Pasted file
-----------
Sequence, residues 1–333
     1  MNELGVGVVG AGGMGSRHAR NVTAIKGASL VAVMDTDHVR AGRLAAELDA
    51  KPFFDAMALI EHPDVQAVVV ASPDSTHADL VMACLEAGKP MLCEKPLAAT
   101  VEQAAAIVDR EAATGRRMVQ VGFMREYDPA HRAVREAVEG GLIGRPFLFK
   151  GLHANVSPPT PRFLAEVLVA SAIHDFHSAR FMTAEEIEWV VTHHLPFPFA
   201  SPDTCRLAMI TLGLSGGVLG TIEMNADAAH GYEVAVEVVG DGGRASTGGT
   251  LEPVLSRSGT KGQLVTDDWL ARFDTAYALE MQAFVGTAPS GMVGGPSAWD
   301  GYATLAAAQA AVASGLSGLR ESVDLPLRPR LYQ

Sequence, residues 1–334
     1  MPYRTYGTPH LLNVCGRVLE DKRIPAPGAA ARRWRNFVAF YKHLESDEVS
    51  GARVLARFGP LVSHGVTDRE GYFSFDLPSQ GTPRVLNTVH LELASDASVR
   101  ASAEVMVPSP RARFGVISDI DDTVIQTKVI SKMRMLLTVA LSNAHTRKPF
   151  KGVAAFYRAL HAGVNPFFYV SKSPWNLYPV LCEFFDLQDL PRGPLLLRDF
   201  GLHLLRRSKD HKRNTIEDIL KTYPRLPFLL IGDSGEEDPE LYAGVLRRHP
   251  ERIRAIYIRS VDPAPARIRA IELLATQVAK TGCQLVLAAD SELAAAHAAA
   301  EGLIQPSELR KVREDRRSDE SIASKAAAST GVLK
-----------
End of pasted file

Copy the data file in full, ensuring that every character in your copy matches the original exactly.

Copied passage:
Sequence, residues 1–333
     1  MNELGVGVVG AGGMGSRHAR NVTAIKGASL VAVMDTDHVR AGRLAAELDA
    51  KPFFDAMALI EHPDVQAVVV ASPDSTHADL VMACLEAGKP MLCEKPLAAT
   101  VEQAAAIVDR EAATGRRMVQ VGFMREYDPA HRAVREAVEG GLIGRPFLFK
   151  GLHANVSPPT PRFLAEVLVA SAIHDFHSAR FMTAEEIEWV VTHHLPFPFA
   201  SPDTCRLAMI TLGLSGGVLG TIEMNADAAH GYEVAVEVVG DGGRASTGGT
   251  LEPVLSRSGT KGQLVTDDWL ARFDTAYALE MQAFVGTAPS GMVGGPSAWD
   301  GYATLAAAQA AVASGLSGLR ESVDLPLRPR LYQ

Sequence, residues 1–334
     1  MPYRTYGTPH LLNVCGRVLE DKRIPAPGAA ARRWRNFVAF YKHLESDEVS
    51  GARVLARFGP LVSHGVTDRE GYFSFDLPSQ GTPRVLNTVH LELASDASVR
   101  ASAEVMVPSP RARFGVISDI DDTVIQTKVI SKMRMLLTVA LSNAHTRKPF
   151  KGVAAFYRAL HAGVNPFFYV SKSPWNLYPV LCEFFDLQDL PRGPLLLRDF
   201  GLHLLRRSKD HKRNTIEDIL KTYPRLPFLL IGDSGEEDPE LYAGVLRRHP
   251  ERIRAIYIRS VDPAPARIRA IELLATQVAK TGCQLVLAAD SELAAAHAAA
   301  EGLIQPSELR KVREDRRSDE SIASKAAAST GVLK